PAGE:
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Old 03-02-2011, 09:31 AM   #100
Basia Halliop
Join Date: Jun 2006
Posts: 711
Re: Is your Aikido as a Martial Art up to Reality?

I came to the Greater Toronto Area from Trinidad in the Caribbean some years ago (mainly because of escalating crime) and it was interesting to experience a society where the number of violent deaths we experienced in a month in Trinidad was experienced in a year here. And they thought that number was excessive. I felt very safe but also immediately realized that what I would call "effective" martial arts training would be considered extreme by the standards of those who have lived all their life in an extremely safe reality. It was good to feel safe but I found that the result was a lot of sheep walking around who were oblivious to serious, unadulterated violence. As gang activity slowly increases here, we are seeing the effect slowly starting where the average citizen is quite a soft target.

As a result it has been very difficult to explain why I do certain things in martial arts or self defence classes, simply because these folks do not understand this level of violence. There is no point of reference in their mind. For them the experience of severe, focused and calculated violence is something seen on TV or on UFC so the perception of what is "effective" is quite skewed due to lack of any real experience or knowledge.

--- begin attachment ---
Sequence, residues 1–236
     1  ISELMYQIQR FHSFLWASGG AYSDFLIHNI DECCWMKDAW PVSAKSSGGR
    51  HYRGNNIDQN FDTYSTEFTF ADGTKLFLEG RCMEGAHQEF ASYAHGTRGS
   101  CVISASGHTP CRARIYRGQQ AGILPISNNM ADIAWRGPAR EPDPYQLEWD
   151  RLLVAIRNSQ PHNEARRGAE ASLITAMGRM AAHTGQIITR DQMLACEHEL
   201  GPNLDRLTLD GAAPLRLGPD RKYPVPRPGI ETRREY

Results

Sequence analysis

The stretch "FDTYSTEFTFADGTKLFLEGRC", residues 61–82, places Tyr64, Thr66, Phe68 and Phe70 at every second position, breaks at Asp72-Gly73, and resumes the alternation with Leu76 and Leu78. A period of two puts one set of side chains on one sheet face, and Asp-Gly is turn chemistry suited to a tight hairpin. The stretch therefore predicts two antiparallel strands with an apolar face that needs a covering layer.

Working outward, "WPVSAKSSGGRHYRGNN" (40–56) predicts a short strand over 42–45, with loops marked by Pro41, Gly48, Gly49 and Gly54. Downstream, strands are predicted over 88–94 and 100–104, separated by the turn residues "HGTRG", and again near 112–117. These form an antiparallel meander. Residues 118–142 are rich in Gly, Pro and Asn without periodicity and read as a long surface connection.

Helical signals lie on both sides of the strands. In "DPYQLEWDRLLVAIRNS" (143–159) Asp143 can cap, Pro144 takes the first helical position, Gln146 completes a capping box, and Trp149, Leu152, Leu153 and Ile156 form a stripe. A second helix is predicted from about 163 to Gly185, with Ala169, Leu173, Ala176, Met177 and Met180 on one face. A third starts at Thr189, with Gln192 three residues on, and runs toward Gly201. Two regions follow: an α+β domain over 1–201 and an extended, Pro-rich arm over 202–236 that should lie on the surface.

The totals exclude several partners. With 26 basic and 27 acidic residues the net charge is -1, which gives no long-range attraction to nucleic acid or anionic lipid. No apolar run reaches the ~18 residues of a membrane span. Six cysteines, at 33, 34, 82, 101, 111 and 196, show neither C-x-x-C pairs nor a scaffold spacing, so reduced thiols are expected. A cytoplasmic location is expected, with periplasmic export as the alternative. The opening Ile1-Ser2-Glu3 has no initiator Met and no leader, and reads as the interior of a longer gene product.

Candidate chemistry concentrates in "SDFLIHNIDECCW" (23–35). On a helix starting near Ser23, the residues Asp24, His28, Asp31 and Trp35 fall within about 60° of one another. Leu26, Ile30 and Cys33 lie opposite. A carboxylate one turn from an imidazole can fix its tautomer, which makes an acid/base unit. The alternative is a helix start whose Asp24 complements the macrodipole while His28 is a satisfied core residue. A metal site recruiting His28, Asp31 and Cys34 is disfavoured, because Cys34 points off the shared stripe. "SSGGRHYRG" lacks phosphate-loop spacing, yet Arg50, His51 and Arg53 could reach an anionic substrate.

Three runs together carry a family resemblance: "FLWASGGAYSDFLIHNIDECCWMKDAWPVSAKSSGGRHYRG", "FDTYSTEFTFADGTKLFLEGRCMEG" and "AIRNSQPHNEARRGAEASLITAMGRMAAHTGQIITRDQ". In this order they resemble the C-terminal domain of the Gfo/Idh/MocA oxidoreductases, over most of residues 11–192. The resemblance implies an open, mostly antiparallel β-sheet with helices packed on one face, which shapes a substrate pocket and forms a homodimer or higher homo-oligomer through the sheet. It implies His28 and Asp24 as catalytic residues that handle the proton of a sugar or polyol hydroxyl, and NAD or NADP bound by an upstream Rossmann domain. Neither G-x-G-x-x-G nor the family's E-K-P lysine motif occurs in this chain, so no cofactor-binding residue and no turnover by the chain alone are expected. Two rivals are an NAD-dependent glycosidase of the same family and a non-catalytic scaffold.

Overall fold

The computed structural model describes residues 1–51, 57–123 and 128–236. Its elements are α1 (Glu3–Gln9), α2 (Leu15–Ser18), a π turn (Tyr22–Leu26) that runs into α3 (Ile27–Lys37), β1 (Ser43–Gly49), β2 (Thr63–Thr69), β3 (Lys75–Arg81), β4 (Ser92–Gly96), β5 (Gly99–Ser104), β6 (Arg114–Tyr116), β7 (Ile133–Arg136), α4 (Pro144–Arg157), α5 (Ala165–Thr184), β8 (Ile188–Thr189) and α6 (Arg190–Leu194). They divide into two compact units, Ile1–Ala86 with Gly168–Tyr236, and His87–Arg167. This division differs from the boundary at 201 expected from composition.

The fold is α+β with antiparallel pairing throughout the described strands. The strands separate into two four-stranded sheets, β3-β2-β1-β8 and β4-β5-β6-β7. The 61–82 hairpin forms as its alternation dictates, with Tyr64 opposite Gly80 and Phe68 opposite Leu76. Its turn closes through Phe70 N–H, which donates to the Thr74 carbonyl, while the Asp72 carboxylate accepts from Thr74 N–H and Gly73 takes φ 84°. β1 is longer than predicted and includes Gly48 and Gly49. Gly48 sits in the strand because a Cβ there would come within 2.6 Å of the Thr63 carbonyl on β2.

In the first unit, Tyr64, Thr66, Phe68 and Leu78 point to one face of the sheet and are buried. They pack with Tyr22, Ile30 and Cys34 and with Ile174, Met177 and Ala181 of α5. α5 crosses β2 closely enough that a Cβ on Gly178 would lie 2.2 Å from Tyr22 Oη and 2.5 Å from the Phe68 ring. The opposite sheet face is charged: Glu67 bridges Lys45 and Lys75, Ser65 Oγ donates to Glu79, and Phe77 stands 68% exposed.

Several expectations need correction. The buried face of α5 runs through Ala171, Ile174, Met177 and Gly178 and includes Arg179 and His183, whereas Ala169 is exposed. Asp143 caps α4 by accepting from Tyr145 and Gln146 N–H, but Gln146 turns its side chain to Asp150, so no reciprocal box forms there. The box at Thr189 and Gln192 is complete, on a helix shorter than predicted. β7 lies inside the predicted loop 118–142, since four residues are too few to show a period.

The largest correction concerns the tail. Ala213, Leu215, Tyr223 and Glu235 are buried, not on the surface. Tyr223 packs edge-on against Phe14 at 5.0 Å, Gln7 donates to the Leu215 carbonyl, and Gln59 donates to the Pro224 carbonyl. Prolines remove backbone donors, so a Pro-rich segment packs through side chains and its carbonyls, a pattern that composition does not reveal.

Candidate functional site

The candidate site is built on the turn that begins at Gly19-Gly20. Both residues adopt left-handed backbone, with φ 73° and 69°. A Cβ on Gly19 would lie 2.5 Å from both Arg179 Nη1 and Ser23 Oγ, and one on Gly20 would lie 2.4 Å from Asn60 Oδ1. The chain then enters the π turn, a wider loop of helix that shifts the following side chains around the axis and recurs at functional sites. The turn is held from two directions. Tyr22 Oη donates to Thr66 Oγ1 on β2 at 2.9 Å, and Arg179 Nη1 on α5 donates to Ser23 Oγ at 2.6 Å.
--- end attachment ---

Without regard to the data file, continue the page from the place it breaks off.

I've heard this before from people who came from more dangerous or higher crime countries - not specifically in a 'fighting' context but things like people's level of awareness when they're walking down a street or stopped in a traffic jam - and interestingly to me, I've heard it go the other way, too... For example a friend of mine from Toronto has been living for several years now in a small Japanese town. One time when he came back for a visit he made a comment that he felt like he had lost a lot of his protective 'city' instincts.... For example apparently where he's been living when people park their cars not only do they not lock them, they frequently leave the keys in the ignition for convenience .